Kathe Farris stood confidently in front of the microphone. As the self-proclaimed standup comedian and stay-at-home mom began to address the attendees at the Boston Comedy Chicks Showcase, I looked around at the impending line-up and the audience itself. It was an environment I was unfamiliar with: I had attended numerous comedy shows in the past, but none like the one I saw on February 11 at Doyle’s Cafe. As a subset of Boston’s annual Women in Comedy Festival, the Boston Comedy Chicks Showcases strive to represent female comedians in a primarily male-dominated field. Between jokes directed largely towards herself and her family, Harris reflected that Boston Comedy Chicks helps to “flip the ratio” that is represented at most comedy shows. While people of all genders are allowed to perform, women represent the majority of the acts.
Admittedly, when the Uber dropped my friends and me off at the venue in Jamaica Plain, we were unsure about what the night would entail. It had been a long week. Leftover slush lined the sidewalks. Bitter air made it impossible to stand outside for more than a few minutes. We shuffled into Doyle’s, mostly to escape the cold, and were met by an onslaught of burgers and beers. We thought we had come to the wrong place, and were about to cut our losses and sit at a booth underneath a fluorescent shamrock and order some chicken wings. Though masqueraded as the quintessential Irish pub, the showroom in the back provided an intimate, unique setting for a comedy show.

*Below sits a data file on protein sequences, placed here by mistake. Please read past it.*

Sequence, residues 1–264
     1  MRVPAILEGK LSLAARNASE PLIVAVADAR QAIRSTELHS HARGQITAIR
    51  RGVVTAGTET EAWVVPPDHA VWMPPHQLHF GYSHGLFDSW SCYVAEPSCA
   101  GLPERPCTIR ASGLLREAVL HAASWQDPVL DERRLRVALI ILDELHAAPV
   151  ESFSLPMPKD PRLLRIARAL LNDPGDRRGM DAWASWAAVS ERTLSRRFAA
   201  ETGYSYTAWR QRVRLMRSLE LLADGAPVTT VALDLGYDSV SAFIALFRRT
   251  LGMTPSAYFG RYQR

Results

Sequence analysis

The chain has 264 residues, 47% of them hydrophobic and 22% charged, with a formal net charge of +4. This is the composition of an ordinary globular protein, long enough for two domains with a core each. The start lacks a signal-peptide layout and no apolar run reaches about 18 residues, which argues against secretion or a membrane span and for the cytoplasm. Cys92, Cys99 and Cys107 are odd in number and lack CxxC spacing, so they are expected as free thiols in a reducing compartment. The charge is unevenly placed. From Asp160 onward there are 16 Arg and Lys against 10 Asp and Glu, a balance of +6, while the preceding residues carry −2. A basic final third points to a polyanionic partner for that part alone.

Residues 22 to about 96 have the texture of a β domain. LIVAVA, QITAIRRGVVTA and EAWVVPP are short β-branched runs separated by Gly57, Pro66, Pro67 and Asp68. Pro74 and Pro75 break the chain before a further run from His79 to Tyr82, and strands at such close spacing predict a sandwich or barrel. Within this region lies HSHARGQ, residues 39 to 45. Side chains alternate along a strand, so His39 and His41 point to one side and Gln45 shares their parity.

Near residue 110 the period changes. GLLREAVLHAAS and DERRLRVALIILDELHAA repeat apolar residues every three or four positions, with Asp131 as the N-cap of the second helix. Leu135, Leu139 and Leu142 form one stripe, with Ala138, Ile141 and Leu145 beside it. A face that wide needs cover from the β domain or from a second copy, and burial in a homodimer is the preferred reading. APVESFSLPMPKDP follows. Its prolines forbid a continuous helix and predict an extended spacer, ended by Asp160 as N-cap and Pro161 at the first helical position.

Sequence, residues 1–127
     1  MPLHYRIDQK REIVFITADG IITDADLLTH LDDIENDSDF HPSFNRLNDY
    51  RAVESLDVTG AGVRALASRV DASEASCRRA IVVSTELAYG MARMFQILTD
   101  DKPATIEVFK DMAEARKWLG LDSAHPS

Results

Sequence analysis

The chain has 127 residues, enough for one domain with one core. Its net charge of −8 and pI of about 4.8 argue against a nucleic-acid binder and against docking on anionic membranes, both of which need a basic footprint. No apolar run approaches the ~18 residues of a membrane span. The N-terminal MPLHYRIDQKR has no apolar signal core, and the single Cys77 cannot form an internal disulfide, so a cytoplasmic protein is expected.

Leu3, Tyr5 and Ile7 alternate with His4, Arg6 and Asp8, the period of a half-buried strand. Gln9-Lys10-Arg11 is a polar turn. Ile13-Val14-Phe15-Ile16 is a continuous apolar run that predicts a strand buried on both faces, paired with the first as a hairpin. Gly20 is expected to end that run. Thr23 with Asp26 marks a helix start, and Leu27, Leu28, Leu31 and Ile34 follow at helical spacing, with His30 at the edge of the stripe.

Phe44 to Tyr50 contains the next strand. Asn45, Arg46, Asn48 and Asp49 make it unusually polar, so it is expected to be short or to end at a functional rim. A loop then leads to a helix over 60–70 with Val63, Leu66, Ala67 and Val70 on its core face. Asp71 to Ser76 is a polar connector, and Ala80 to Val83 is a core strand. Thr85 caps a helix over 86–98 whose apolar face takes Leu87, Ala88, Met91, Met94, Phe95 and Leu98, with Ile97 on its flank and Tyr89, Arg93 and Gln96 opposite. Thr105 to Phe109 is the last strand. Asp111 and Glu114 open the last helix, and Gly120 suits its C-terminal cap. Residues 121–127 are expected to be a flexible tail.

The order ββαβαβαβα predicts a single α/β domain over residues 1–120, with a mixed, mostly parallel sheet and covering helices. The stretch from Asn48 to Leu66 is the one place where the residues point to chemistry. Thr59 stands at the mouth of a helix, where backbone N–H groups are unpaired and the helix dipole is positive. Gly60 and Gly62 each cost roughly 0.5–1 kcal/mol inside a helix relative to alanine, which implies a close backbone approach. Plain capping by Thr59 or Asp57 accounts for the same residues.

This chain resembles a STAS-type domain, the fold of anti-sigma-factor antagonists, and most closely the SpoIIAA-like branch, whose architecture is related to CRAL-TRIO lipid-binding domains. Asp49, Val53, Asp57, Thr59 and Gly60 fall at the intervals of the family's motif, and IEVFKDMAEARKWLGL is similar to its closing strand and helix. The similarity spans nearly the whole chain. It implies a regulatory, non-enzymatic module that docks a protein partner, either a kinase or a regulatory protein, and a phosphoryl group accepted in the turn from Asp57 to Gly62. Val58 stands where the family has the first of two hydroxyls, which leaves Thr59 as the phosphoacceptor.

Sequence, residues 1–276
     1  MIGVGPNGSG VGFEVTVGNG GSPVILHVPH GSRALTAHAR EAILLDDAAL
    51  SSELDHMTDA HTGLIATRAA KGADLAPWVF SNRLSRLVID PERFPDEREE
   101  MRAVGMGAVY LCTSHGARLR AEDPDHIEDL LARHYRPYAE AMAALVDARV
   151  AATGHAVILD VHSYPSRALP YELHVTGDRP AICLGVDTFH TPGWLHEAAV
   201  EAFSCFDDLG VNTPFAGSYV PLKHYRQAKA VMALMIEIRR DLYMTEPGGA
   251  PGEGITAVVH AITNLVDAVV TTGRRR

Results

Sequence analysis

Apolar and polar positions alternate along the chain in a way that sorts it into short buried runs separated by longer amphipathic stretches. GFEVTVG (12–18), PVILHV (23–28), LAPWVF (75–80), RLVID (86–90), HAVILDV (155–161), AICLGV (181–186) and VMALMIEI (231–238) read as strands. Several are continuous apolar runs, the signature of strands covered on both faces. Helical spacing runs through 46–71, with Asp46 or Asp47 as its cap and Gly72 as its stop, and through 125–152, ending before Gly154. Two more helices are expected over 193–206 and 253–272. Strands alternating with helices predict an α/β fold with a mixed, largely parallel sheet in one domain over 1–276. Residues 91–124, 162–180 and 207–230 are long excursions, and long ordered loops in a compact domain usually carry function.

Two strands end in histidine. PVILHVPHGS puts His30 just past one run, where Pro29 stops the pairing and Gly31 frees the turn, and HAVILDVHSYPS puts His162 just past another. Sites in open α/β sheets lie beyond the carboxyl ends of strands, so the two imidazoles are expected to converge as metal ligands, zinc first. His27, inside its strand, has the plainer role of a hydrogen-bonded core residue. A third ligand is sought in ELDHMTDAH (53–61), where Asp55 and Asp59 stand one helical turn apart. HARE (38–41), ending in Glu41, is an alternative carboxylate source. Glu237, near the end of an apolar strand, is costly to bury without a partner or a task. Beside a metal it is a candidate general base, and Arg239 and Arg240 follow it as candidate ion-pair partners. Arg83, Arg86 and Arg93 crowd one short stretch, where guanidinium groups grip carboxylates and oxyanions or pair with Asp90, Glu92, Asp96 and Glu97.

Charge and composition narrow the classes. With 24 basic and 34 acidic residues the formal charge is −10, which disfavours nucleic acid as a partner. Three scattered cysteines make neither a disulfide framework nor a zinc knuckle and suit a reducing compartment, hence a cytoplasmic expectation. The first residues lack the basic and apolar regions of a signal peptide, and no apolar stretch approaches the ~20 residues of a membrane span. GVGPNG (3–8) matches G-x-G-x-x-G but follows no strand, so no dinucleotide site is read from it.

Seven comics performed, including Farris, the host that night. While that is a somewhat daunting number for a single show, the night progressed smoothly and allowed each comic to perform for an appropriate amount of time without overwhelming the audience. Phoebe Angle, a Boston comedy regular with wild hair to match her wild sense of humor, headlined the show. Jo Galvin, Brett Johnson, Danica Jayne, Awet Teame, Robert Pooley, Laura Severse, and Janet McNamara also performed.
As the comics took the stage, our “long weeks” dissipated. I was not bluffing when I said I had never seen a comedy show such as the one I saw on Saturday. Besides the obvious factor that more women were represented than in typical comedy shows, the lineup featured an array of performers who brought refreshing perspectives and varied levels of comic experience to the show. Pictures of John F. Kennedy dotted the walls of the showroom as comics relayed stories that ranged in content from Southeast Asian child-rearing beliefs to failed American Idol auditions. Though my friends and I were noticeably younger than many of the people in the audience that particular night, we never felt as if the show was targeted toward a specific demographic. We could appreciate the show because it was unambiguously funny.
The Boston Comedy Chicks Showcase performs monthly at Doyle’s Cafe and features a changing group of comics each show. To learn more about the shows and the other programs they offer, visit their website at bostoncomedychicks.com.
Text by Maggie McNulty
Photos by Noah Chiet